Toronto Biennial of Art with Camille Turner
Following the success of its 2019 exhibition, The Shoreline Dilemma, the 2022 Toronto Biennial of Art will be a city-wide, multi-venue free contemporary art event, running from March 26 - June 5, 2022. Biennial curators have commissioned Jamaican-Canadian artist, Camille Turner, to present a site-specific installation, a free artist publication, and a series of public walks, talks and workshops exploring the Black histories of Toronto and Canada.
Photo by Camille Turner, Afronautic Research Lab: Newfoundland 2019, still from video cinematographer/editor Brian Ricks
A kinetic multimedia installation, Nil:Nil is a portrait of play in pandemic times. As our work and play move online, our human interactions become subject to a comprehensive enframing. In Nil:Nil, technology allows the game to go on, overcoming lockdowns and closures, and also ensures that the result is never in doubt.
On at the Bentway until September 26, 2021 or view the video online.
Photo by Jack Landau
Critical Distance Centre with curator Noa Bronstein, with projects by Morris Lum, Karen Tam with Tea Base, and Reel Asian, jes sachse, Reza Nik, Farrah Miranda and Suzanne Morrissette with Alia Weston, Lisa Myers, and Ayumi Goto
Place Settings is a large-scale, durational project that considers how food functions to connect and disrupt. Focusing specifically on the intersections of food, public space, and architecture, Place Settings points to formal and informal structures that offer forms of nourishment, be they physical, emotional, social, or political.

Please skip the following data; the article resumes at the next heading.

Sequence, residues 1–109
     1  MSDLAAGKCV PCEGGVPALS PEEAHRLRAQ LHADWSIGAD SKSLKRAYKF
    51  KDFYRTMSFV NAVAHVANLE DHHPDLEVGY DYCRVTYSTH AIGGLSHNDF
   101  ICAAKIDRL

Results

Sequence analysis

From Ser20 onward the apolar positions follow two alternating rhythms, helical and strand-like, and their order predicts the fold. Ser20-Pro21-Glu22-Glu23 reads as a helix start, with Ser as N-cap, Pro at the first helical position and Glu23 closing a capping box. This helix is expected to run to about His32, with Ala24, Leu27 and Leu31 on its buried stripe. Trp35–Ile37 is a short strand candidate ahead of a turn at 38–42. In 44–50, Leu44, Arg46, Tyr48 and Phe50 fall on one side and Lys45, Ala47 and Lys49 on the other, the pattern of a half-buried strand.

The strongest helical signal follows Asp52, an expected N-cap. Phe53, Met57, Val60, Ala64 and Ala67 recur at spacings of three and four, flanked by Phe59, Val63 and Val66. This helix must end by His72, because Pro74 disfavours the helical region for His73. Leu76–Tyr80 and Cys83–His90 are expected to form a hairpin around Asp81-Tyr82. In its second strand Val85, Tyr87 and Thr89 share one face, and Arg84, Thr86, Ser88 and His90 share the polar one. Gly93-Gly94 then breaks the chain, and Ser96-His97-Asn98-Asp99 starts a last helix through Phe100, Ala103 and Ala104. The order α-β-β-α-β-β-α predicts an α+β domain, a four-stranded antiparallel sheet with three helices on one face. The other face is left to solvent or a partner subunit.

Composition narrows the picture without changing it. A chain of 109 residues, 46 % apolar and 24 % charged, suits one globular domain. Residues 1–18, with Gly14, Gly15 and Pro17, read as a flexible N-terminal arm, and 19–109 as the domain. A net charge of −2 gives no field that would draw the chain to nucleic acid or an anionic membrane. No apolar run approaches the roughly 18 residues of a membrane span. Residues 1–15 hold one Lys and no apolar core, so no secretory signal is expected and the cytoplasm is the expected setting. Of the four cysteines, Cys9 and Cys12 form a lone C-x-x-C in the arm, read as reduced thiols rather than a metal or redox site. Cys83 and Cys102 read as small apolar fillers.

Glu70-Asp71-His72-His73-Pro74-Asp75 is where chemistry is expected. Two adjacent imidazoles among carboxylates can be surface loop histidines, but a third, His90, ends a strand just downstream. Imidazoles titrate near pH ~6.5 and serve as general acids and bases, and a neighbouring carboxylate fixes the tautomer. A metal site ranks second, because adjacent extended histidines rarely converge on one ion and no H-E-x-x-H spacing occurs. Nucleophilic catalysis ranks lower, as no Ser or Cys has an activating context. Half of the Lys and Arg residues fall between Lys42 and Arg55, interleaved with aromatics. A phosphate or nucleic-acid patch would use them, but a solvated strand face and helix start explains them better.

Two x 30
Michael Caldwell with Robbie Grunwald, Alana Elmer, Aria Evans, Syreeta Hector, Karen Kaeja, Benjamin Landsberg, Pulga Muchochoma, David Norsworthy, Atri Nundy, Nivedha Ramalingam, Takako Segawa, Roberto Soria, Heidi Strauss, Irma Villafuerte, East End Arts, Jamii, Lakeshore Arts.
"Two x 30" is a series of thirty duet performances in summer 2022, exploring the inextricable link between our collective unconscious patterns of movement and our environment. Walking past each other on the sidewalk develops into an intricate physical conversation, highlighting the beautiful complexity of human interaction and communication.
Photo by Zhenya Cerneacov
SummerWorks with artists Rodney Diverlus, Syrus Marcus Ware, Switch Collective, Action Hero, Mia & Eric, Mark Reinhart
Artists explore possibilities for the public realm through four large-scale projects synthesizing outdoor installation, performance, and extensive public participation with distinct communities across the city. Incorporating collective storytelling, handmade crafts, dance, poetry, visual messages, and much more – Public Works is a city-wide exploration of how the public can connect, communicate, reclaim space, and imagine what else is possible.
Alex Narvaez x Sid Naidu & Scarborough Made Artists
Scarborough Made is a social impact art project documenting the stories of humanity in Toronto’s East. Through photography and cinematography, the project aims to amplify the voices of underserved neighbourhoods by documenting diverse narratives around culture and community. For Toronto’s Year of Public Art, Alex Narvaez & Sid Naidu will explore the theme of resilience with local youth artists to create a public art installation with the Toronto Public Library. The installation will reclaim a space in the public right of way to highlight people from Scarborough and build dialogue around our collective identity.
Water is Memory
Discover a series of 30 performances in the Esplanade neighbourhood in the Spring and Summer of 2022. Presented from Jamii’s mobile arts space the "Kisanii Hub", these performances are an opportunity to explore creatively how water holds memory and how these memories are a shared web of connections between our individual stories.